The shoes are stored on a low shelf in the garage by the door of the house.  If I am in the house, I have on a pair of shoes that never touch anything but the floors of our house.  I change shoes before I go outside and once again before coming back into the house.  Last thing we need is to bring salmonella, listeria or any other viral or bacteriological organism in the house.  Family and friends come over with babies, children and young adults.  Besides, being germ-phobic I am very cautious about cross-contamination.

I was home the other day doing computer work.  We have to redesign our labels to meet new requirements, access email etcetera.  Therefore, I spent most of the day inside working away.  Little did I know the ramifications of my supposed thoughtless actions.  I had gone out to let the chickens out for the morning.  Coadee went with me as normal.  Except this time, I did not stay outside or leave the farm.  I came back inside to catch up on the paperwork.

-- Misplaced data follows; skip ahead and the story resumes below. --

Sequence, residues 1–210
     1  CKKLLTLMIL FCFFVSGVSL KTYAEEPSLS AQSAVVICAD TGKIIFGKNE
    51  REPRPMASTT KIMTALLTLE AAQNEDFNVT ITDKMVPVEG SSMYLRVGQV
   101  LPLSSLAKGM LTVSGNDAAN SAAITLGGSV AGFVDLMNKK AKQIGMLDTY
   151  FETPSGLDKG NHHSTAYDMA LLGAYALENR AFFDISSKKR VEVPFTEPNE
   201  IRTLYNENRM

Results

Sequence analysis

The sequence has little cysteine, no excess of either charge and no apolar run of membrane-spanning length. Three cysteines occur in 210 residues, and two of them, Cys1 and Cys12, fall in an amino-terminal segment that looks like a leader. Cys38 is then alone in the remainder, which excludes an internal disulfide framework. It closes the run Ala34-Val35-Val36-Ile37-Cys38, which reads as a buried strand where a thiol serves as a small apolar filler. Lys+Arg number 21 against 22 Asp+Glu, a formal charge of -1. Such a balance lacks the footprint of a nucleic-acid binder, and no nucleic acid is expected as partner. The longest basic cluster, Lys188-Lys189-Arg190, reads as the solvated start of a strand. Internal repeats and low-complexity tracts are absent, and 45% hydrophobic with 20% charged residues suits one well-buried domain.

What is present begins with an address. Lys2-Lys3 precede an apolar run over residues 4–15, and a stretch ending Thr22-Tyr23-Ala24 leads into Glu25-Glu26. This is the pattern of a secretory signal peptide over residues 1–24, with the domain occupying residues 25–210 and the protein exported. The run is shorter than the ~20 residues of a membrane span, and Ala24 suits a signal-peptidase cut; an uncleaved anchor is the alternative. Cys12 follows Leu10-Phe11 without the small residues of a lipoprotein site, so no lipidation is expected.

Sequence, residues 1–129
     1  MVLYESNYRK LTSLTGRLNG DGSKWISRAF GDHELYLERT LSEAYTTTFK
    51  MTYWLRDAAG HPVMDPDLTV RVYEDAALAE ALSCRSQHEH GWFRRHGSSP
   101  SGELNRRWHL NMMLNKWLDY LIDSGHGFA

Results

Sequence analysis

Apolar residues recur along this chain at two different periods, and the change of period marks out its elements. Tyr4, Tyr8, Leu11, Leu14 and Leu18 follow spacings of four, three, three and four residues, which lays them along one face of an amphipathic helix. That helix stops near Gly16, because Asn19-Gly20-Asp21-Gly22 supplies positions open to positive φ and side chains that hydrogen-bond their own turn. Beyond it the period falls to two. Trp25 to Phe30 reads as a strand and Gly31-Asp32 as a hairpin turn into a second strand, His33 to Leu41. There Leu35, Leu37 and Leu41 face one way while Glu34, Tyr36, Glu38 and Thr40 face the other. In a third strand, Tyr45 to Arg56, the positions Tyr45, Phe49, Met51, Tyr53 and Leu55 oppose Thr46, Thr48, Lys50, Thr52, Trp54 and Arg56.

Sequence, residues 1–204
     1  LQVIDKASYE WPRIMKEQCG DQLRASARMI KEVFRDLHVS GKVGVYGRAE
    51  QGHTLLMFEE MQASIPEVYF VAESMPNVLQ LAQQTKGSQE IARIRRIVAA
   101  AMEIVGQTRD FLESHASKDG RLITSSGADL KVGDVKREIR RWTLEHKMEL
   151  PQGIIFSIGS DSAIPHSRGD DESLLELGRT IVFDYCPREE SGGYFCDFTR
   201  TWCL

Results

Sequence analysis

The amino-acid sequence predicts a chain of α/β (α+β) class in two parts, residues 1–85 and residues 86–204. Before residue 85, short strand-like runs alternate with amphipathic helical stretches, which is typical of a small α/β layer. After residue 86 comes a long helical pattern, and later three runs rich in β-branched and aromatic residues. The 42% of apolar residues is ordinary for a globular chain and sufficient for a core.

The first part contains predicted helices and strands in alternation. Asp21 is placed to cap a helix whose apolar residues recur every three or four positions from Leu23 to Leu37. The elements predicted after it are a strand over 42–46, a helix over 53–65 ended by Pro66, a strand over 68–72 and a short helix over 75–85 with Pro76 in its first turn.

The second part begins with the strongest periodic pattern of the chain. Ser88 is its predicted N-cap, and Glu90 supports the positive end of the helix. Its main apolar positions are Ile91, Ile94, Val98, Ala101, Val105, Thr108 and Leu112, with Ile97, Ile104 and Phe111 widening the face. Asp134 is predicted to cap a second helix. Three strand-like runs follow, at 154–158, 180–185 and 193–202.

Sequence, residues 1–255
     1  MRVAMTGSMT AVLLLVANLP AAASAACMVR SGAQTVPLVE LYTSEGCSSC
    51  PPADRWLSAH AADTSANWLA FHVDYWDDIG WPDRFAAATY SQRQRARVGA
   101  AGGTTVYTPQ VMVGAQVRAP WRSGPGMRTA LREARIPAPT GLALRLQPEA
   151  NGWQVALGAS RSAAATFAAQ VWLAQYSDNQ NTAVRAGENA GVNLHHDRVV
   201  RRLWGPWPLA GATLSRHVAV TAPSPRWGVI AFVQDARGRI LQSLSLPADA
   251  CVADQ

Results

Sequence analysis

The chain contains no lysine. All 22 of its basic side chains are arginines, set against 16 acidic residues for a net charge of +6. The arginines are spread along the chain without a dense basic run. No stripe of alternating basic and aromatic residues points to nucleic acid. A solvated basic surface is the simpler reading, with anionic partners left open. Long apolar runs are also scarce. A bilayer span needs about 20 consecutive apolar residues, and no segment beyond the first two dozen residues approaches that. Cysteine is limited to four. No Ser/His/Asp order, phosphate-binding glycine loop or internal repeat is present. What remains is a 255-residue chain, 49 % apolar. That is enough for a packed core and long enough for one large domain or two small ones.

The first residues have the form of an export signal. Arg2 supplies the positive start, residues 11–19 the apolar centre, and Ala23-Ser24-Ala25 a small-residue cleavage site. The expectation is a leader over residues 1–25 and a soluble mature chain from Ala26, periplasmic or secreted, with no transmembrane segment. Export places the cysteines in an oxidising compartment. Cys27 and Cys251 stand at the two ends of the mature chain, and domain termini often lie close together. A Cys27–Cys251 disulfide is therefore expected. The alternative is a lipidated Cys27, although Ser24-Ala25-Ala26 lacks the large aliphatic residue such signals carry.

Coadee for her part tried to come along.  I wanted her outside protecting the chickens so I stopped her, made her sit, took my shoes off and went into the house.  She barked her disapproval and I set about getting the paperwork done.  The day got away from me, the next thing I know my wife is arriving home.  I look outside and see one of my new tennis shoes on the lawn.  "Okay," I think to myself, Coadee drug one of my shoes outside.

Except, when I go to retrieve the shoe I find Coadee decided to show her displeasure at not being allowed in the house.  As the picture below shows, she made quite a statement.

Let us review; she has had access to these shoes for over six months.  She is out all day by herself with access to the garage.  She is out all day on the weekends when we are working the gardens and the chickens.  Coadee has not chewed anything since being spayed.  No chewing of drywall, table legs, wood molding or anything except for her toys.

I am not a dog whisperer but I think she might have taken being left outside just a little too personally.  Yes, I was the one that made her stay outside.  Yes, they were my shoes and the newest pair at that, but there were over eight pairs of shoes to choose from.  I had a perfectly good pair of chewable shoes that she strategically passed over to select the best shoe.  I will never know how she did this, she has refused to take English lessons, so I am stuck with mere conjecture.  

What I do know is "hell hath no fury like a woman scorned...."